Peter Temple’s novel “Truth” asks the reader highest concentration. He is confronted with unmanageable many names, places of action, small enclosed plot lines, time jumps, relationships, dependencies, horrific crimes and more. One can hardly afford to put this book for a few days aside, otherwise you will probably hard to get into it. What has stuck by this highly complex novel? Why “truth” was awarded the prestigious literary prize “Miles Franklin Award”? In the heart of the action is Stephan Villani, the head of the Melbourne homicide.
His work is a top priority for him; He wants to have everything under control do everything themselves; his nights are short – if it ever comes to sleep.
If he for his investigation could at least concentrate pursue – but no, he is constantly under pressure, chasing from crime scene to crime scene, from appointment to appointment. The media sit him in the neck, and the politicians lure one hand with transport, on the other hand they threaten with expulsion if he does not start the way they want and can finally rest a delicate murder case In his family -.
His wife has since left him – he is a real father loser. His daughter Lizzie slips into the drug scene; he pushes his daughter Colin responsibility.
Again and again he is drawn to his own father Bob. Together they have when he was a little boy still drawn tree seedlings and later planted in an area. Now a fire is approaching, threatening the forest and Bob’s whole existence.
About the past of his father, in particular its lucrative military action in Vietnam, Stephan learns little. Two very cruel crimes and their education are the single continuous storylines. They are situated diametrically opposed: one in the milieu of high society, the rich and influential, the other with the underdogs, the gangsters. Despite all the stones that you put in his way, Villani will find out the truth. You should just reading this absolutely extraordinary mysteries eventually loosen up, take all the people and actions as they come and do not despair if times the overview disappears or a detail is no longer available.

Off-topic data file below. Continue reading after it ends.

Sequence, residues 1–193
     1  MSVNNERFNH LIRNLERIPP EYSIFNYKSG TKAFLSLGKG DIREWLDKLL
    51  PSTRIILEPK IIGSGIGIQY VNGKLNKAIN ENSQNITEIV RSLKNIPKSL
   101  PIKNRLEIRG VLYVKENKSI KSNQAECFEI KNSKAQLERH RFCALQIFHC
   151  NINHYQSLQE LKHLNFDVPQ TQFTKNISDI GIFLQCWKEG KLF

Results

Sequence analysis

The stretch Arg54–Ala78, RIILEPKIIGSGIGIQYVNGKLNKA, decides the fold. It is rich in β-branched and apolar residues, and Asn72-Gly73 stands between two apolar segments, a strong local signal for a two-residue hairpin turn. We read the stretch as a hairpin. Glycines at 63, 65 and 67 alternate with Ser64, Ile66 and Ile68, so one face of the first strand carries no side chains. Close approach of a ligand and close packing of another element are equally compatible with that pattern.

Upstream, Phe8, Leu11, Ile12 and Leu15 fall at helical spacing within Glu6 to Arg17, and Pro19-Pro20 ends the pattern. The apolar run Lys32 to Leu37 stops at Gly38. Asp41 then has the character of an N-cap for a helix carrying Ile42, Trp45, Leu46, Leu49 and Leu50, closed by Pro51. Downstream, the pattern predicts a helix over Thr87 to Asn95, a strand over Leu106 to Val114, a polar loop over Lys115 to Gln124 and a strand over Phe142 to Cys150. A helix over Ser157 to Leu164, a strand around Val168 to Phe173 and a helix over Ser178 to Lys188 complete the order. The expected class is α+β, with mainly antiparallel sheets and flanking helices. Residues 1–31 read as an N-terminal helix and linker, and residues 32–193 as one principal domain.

But one then senses the dense atmosphere. Realistic, investigative, sobering, shocking and without any illusion Paul Temple skin to the reader the “truth” of Australian society (the European sure in no way inferior) tough around the ears. Since there seems to be nothing Honest: Everyone – whether police, role models of society or politicians – only sees his profits and social advancement. Seemingly at random, there all kinds of crimes – fraud, corruption, violence, venal sex and murder – with unrestrained, unimaginable brutality. Fast-paced action cuts, often pushed by surprise, speed forward to full speed. The dialogues are mostly rough, ruthless, hurtful. Decency, education and morality are obviously foreign words. A bleak vision of the society of the 21st century. Despite the safe-deserved literary prize is this thriller not please every reader. He does not follow a formulaic, no 08/15 knitting patterns, but the reader is required, and the novel may be the effort.